Through my last two years as vice president of the Georgetown University Student Association and in an assortment of other roles in offices across campus, I’ve gotten an inside look into how Georgetown functions both as a university and as a business.

I’ve seen Georgetown engage in capital campaigns, build new construction, negotiate with the neighborhood associations and craft a plan for the future. I’ve seen great professors come and go, and I’ve seen the progression in students from the insecure, immature freshman to the confident, immature senior.

After four years, I should be qualified to answer a simple reflective question posed to a graduating senior: Is Georgetown a great university? The answer is not as straightforward as it may initially seem. I love Georgetown, and most students and alumni do — but it is difficult to pinpoint where that love stems from. As a result, my answer to this question is that Georgetown can be great, but it is not there yet.

We have the foundation. Rooted in Jesuit ideals, an undergraduate experience is enriched by Georgetown’s care for educating the “whole person.” Knowledge exploration, creation and formation are enhanced by the interaction between faith and reason. Students leave as men and women for others.

But despite these unique advantages, Georgetown has its limitations. It’s no secret — we have outdated and inefficient buildings and spaces all over the Hilltop, we have a code of conduct that declares us guilty until proven innocent and we are constantly adding red tape to an already overbearing bureaucracy. These specific shortcomings, however, can be addressed and improved if Georgetown commits to an organizational change in its culture.

Georgetown needs to be open to reform. A byproduct of the overbearing bureaucracy is the fact that it is very hard to make improvements on campus. The process has been incredibly slow due to Georgetown’s never-ending commitment to the status quo. It took years to convince the university to make its student activities funding structure more open, accountable and transparent to a change first formally suggested in the Report on Student Life written in 1999. It is taking years to give the students adequate space on campus, a cause stalled currently by an unwillingness to create space for undergraduates in Healy, the most historic and iconic building on campus.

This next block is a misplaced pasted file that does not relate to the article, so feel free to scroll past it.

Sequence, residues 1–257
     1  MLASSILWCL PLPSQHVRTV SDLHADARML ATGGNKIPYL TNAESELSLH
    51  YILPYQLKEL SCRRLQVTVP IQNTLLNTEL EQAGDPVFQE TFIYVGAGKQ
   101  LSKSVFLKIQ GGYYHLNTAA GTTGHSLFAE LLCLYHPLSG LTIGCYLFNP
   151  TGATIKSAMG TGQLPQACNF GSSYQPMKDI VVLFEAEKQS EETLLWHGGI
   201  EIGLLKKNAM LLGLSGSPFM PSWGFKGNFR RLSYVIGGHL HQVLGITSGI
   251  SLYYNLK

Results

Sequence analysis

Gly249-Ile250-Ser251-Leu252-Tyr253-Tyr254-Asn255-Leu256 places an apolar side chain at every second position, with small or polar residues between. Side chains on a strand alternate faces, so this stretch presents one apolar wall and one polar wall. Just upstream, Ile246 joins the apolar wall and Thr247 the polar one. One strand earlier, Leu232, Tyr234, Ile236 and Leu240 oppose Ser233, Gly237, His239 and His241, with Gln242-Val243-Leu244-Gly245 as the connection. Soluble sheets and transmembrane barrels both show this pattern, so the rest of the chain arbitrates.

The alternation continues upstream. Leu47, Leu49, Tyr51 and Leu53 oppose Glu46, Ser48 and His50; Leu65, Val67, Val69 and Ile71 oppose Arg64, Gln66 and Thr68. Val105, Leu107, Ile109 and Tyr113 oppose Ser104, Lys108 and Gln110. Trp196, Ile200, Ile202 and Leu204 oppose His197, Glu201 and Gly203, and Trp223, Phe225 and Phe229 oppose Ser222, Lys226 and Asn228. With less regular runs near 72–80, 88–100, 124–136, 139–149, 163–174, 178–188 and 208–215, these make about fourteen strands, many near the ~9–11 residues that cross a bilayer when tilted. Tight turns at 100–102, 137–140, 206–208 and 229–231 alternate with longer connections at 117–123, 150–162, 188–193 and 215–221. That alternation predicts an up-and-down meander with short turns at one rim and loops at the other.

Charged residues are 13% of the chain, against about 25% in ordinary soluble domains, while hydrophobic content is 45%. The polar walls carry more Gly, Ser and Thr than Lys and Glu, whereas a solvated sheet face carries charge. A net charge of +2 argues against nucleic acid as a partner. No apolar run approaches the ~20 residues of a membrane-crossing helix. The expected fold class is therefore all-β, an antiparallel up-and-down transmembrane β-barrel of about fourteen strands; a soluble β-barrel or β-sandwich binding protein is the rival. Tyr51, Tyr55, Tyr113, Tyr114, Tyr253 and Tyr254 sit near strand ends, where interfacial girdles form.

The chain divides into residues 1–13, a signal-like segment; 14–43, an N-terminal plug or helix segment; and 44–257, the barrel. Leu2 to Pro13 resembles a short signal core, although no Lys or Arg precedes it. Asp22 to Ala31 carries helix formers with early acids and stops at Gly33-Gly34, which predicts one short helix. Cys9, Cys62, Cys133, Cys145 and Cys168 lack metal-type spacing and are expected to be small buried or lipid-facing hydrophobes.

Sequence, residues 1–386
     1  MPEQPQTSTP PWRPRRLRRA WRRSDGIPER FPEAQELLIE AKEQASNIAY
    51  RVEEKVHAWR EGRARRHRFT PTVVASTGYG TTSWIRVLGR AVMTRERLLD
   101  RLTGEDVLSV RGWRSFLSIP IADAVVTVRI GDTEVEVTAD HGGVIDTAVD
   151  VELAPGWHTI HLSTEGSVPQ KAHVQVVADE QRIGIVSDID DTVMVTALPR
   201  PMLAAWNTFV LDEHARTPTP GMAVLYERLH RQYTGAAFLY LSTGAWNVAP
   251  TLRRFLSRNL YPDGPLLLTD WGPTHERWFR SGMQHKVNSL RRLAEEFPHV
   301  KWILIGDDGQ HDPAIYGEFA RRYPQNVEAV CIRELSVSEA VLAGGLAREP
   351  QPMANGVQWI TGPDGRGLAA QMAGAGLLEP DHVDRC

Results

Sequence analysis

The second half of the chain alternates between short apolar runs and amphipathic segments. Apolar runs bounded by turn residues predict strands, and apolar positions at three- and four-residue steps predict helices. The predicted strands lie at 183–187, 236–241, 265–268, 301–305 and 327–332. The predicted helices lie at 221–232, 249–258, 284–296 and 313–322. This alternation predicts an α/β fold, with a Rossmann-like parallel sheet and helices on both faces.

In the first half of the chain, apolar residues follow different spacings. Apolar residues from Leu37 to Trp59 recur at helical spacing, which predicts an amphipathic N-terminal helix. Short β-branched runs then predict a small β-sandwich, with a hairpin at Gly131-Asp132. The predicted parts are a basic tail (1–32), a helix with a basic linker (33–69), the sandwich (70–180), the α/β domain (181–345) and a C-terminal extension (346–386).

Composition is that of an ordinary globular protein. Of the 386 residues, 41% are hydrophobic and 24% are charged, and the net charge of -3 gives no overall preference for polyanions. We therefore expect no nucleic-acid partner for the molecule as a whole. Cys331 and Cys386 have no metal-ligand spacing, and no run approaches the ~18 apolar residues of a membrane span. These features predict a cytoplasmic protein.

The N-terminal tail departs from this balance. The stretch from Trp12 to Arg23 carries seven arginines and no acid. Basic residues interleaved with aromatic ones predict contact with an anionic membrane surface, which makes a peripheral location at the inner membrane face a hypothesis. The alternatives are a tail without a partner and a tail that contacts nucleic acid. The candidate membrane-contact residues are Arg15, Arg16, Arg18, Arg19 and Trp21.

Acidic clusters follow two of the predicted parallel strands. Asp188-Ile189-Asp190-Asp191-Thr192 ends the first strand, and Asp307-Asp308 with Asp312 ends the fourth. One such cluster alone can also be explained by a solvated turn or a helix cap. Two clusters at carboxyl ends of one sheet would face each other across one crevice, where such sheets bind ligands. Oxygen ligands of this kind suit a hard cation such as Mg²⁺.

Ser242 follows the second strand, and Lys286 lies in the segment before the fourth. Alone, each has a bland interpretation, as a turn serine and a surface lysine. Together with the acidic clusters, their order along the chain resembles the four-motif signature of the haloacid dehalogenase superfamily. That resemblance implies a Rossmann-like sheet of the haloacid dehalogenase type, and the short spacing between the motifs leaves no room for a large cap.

Bureaucratic obstacles do nothing to encourage on-campus innovation but do everything to push such investments of time to off-campus pursuits and perhaps into less productive or visible ends. Georgetown needs to empower students to take ownership of their programs and to be proud of their accomplishments. This cannot be achieved in a paternalistic or inflexible environment. A perceived stranglehold on student activism, opinion and thought risks the creation of an unfriendly atmosphere that weakens, not deepens, a feeling of connection between students and their alma mater.

In effect, Georgetown must trust its students. Currently, undergraduates maintain a unique emotional connection to the school that isn’t paralleled by many other institutions. This is a given, and it is a great base to build on. Georgetown, though, must truly become a student-centered university; its greatness depends on it.

Jason Kluger is a senior in the McDonough School of Business. He served as vice president of the Georgetown University Student Association for two years.

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